*Bulletg* Allusion is when an author references another text, historical event, or person in their writing. Allusions can be direct or implied.
Example: Nearing the age of eighty-five, Samantha felt as old as Medusa.

*Bulletg* Alliteration: when an author repeats the same letter sound at the beginning of two or more words
Example: Samantha sighed as she searched her stark apartment for a missing sacred stone.

5. Decide on Structure

If you want to start quickly, consider writing a free-verse poem. Free verse poems are poems that have no rhyme scheme, meter, or structure. In a free verse poem, you’re free to write unrestricted.

If you want to play with poetry forms, you can take a look at {x:link:http://www.shadowpoetry.com/index.html}Shadow Poetry{/xlink} to explore some interesting forms.

Here are some terms to familiarize yourself with:

*Bulletg* Rhyme Scheme: rhyme scheme refers to the pattern of rhymes used in a poem. The sound at the end of each line determines the rhyme scheme. Writers label words with letters to signify rhyming terms, and this is how rhyme schemes are defined.

*Bulletg* Meter: a little more advanced than rhyme scheme, meter deals with a poem’s rhythm expressed through stressed and unstressed syllables. Meter can get pretty complicated.

*Bulletg* Stanza: a stanza is a group of lines placed together as a single unit in a poem. A stanza is to a poem what a paragraph is to prose writing. Stanzas don’t have to be the same number of lines throughout a poem, either. They can vary as paragraphs do.

*Bulletg* Line Breaks: these are the breaks between stanzas in a poem. They help to create rhythm and set stanzas apart from one another.

6. Time to Write the Poem

Combine your figurative language, metaphors, and structure. Poetry is unique to the writer. When it comes to poetry, the “rules” are flexible.
For example, in 1965 a young poet named Aram Saroyan wrote a poem called lighght. It goes like this...


That’s it. That's the entire poem. Saroyan was paid $750 for his poem. You may or may not believe that’s poetry, but a lot of people accept it as just that. The point is, write the poem that comes to you. But, here are a few things to consider that might help guide you:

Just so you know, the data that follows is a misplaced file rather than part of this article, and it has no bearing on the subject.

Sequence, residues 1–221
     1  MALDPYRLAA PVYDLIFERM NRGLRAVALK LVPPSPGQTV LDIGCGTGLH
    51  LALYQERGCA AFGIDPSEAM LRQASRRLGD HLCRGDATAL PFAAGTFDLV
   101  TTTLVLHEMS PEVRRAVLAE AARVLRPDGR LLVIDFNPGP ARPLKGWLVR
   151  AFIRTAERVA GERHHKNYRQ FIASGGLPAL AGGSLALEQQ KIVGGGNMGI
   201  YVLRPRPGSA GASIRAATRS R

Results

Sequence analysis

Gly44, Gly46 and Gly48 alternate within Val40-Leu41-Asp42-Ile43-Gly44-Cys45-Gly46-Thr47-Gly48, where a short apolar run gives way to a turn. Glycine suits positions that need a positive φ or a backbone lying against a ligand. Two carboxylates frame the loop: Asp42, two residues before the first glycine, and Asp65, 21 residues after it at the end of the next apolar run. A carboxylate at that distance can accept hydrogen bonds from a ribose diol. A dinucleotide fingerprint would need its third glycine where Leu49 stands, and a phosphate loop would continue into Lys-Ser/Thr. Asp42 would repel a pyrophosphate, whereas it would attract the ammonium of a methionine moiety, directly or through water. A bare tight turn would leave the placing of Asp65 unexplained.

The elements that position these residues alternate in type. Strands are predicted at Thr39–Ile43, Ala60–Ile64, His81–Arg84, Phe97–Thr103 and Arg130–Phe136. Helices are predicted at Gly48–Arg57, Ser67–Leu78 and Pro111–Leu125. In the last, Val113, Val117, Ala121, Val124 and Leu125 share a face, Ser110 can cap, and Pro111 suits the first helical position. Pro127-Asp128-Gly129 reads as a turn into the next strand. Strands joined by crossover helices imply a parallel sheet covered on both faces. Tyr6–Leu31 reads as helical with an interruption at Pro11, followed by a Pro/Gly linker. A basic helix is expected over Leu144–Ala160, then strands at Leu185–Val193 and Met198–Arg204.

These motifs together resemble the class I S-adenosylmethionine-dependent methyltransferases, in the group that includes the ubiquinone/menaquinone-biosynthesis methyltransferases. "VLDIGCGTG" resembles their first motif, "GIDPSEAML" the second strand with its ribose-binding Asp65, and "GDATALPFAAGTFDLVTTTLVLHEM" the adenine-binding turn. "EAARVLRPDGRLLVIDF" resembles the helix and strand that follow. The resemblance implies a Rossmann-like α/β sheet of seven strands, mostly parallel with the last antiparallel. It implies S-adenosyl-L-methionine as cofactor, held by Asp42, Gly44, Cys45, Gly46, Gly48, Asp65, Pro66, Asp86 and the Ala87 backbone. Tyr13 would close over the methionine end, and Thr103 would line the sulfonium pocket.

A. Compare your subject to something else by using metaphors
B. Try to relate a theme or a simple lesson for your readers
C. Use at least two forms of figurative language techniques
D. Create a meter or rhyme scheme (if you’re up to it)
E. Write at least two stanzas and use a line break

7. Read, Edit, Share

When you’re finished, read over your poem. Try to read it out loud to get a feel for the poem’s rhythm. Post your poem in the newsfeed and ask others to read and review your poem. You can stretch grammar rules, but do it with a purpose. Then, you can rewrite your poem.

Remember, all writing is rewriting and the editing process can take longer than it did to write your first draft.

Editor's Picks

*Gemg* "Color of Spring by WriterAngel

*Gemg* "A Big Flashy Fun Rainbow Ball by Kåre Enga 🇹🇭 Udon Thani

*Gemg* "A Summer's Day by Mejius J. Huxwell

*Gemg* "Grateful by Choconut ~ Busy Writing!

*Gemg* "Invalid Item by Jamie Gonzalez

*Gemg* "Under the Starlit Sky by LucyCot

*Gemg* "The Versatile Gingerbread by Lornda~ "Onward" ~

*Gemg* "2022 by D. Reed Whittaker

*Gemg* "Down by the Water by Dan I Am

*Gemg* "Leftover Self by Blueyez ৎ୭

"Not Named by Fivesixer